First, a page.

Sunday, November 27, 2011

Nothing But the Night (1973)

I love finding horror movies that surprises me and that somehow stayed out of my life after all these years. Nothing But the Night is a smart and original horror-thriller produced by Christopher Lee's own company and directed by one of the best, Peter Sasdy. Why I love Sasdy's work so much is because his will to over and over again visit the really dark subjects about humanity, and Nothing But the Night is no different from that path. It was a big flop, I heard, when it was released and not be honest, I don't understand why. Maybe it just took the twisted ending to far in combination with a very grey, typical British beginning on the verge on social realism - but hey, that's what's so unique with this movie and makes it even more surprising.

Christopher Lee is Colonel Bingham, a good old chap who investigates a couple of very odd suicides and accidents. This leads him to a girl, Mary Valley (Gwyneth Strong) who have strange violent dreams - and who lives at an orphanage connected to the people who died. Her real mother, played intense by Diana Dors, is a disturbing ex-prostitute with a taste for black magic and who wants her back. So after committing a crime at the hospital where her daughter stayed after an accident, she now goes after her to the secluded orphanage to bring her home. Bingham brings his friend, Sir Mark Ashley (Peter Cushing), with him in the investigation and... well, let me say there will be some surprises along the way!

I watched the movie for the first time today and before now I had NO clue what it was about. I never read about it, didn't check the reviews (except facts about quality), and didn't ask around for options from friends. This probably helped me love this movie even more, but it's hard not to love a movie with such a clever build-up anyway. I mean, this movie is almost to normal until the last half hour. It has some murders, some social commentary about the media, very good acting, very grey and realistic - but then shit hits the fan and everything turns around - and it's one of the finer twists I've seen. Maybe it's been done before, but here it's just so well-done. It even made the hair on my arms stand up because I like these kinda surprising twists that completely takes another dramatic turn than I expected from the beginning.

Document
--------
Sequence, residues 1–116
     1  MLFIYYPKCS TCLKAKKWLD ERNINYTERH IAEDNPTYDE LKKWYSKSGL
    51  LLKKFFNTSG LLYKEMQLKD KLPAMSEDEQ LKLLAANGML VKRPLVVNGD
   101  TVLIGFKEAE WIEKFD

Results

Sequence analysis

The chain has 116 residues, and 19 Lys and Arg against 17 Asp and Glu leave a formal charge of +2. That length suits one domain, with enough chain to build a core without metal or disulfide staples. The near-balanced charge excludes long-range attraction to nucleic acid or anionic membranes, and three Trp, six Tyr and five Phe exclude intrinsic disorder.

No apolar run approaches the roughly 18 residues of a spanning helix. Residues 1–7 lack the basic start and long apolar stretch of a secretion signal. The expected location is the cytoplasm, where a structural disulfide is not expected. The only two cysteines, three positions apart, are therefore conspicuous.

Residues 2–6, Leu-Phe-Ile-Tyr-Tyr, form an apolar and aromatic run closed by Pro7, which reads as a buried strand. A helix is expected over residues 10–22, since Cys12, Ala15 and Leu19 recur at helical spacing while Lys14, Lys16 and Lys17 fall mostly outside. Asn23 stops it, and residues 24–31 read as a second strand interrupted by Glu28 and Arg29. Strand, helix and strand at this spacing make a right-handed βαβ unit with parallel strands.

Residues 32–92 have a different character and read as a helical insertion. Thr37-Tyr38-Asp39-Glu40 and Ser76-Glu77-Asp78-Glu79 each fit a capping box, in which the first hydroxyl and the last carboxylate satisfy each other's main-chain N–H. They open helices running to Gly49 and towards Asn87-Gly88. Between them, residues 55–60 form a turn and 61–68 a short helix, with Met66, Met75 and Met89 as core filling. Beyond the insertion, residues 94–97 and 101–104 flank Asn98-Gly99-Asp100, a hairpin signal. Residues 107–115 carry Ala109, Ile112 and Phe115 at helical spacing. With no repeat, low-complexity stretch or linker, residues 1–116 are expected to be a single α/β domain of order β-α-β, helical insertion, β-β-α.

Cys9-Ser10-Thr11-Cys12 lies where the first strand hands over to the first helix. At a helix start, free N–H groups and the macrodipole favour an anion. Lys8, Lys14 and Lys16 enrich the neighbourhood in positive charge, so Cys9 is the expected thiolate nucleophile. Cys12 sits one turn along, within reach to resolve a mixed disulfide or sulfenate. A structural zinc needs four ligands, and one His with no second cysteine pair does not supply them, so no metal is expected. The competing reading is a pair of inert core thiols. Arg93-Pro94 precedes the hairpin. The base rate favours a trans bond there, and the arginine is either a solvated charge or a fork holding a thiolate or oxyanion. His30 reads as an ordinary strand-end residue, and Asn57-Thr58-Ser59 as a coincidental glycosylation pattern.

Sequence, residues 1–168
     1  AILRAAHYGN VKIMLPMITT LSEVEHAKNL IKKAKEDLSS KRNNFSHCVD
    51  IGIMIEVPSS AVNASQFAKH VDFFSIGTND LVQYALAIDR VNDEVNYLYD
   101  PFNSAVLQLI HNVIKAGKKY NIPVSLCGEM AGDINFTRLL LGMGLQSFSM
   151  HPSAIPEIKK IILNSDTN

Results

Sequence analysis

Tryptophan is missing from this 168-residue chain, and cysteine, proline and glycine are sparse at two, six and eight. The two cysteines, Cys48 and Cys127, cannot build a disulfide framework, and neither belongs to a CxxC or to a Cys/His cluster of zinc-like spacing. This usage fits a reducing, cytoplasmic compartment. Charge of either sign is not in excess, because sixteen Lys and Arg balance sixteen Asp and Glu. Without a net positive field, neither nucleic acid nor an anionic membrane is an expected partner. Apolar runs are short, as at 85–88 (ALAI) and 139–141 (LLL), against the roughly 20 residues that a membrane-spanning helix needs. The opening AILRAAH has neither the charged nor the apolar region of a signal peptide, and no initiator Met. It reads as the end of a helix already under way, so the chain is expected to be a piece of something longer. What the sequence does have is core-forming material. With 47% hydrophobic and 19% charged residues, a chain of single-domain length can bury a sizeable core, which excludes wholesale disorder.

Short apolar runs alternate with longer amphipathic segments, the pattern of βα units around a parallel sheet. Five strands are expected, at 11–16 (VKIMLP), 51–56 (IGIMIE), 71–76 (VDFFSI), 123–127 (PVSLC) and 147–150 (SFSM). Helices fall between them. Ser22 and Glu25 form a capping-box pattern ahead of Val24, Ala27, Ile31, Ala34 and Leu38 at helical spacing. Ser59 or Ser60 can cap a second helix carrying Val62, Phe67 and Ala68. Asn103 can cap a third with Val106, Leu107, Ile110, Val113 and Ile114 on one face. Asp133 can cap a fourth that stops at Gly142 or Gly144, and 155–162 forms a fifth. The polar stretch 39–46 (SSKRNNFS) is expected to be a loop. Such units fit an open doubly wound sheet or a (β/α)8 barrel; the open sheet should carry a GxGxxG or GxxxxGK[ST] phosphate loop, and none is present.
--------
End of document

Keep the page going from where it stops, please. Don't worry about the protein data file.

Like always, the relationship between Christopher Lee and Peter Cushing is the highlight of the movie. They where friends, and together their connection as actor comes close to perfection. It might not be as fantastic as Horror Express, but this is a very different story with a even more different atmosphere. The whole thing is built around a slightly boring case of a mad mother wanting her daughter back, but this was obviously the plan - and if you have no problem with a slow start you will be treated with some fine shocks towards the end. I'm not the first or last that will compare this movie to The Wicker Man, but this is a movie that stands on it's own legs and delivers the quality we wants from a seventies UK production.

The whole movie is filled with good British quality actors, but Diana Dors has always been a favourite of mine and here she's both scary and excellent as Anna Harb - mother, whore and fortune teller. If you think about it afterwards, she's a quite smart character - maybe someone who really can "read" other people. Diana was also quite an original character herself, and to really experience this weirdness, watch Who Got Diana Dors' Millions from 2003, a documentary trying to solve her last riddle...

Another nice part of the movie is the soundtrack by Malcolm Williamson, compositions that almost imitates the work of Basil Kirchin. The same almost dreamy jazz-influenced pieces that Basil did for the Dr Phibes movies and 1974's The Mutations. Good stuff.

I'm sure most of you would appreciate this thriller, so buy it now!


Craptastic said...

Sounds interesting. I Will give it a chance.

Ninja Dixon said...

I think you should. There's to far between smart and surprising thrillers that mixes genre-elements like this.

dfordoom said...

It was such a flop that it wrecked Lee's production company. But I think it's a terrific movie. Diana Dors totally steals the picture, but then she always did that.

Diana Dors did several great cult movies in the 70s - she's superb in Joe Sarno's Swedish Wildcats (also released under the title Every Afternoon).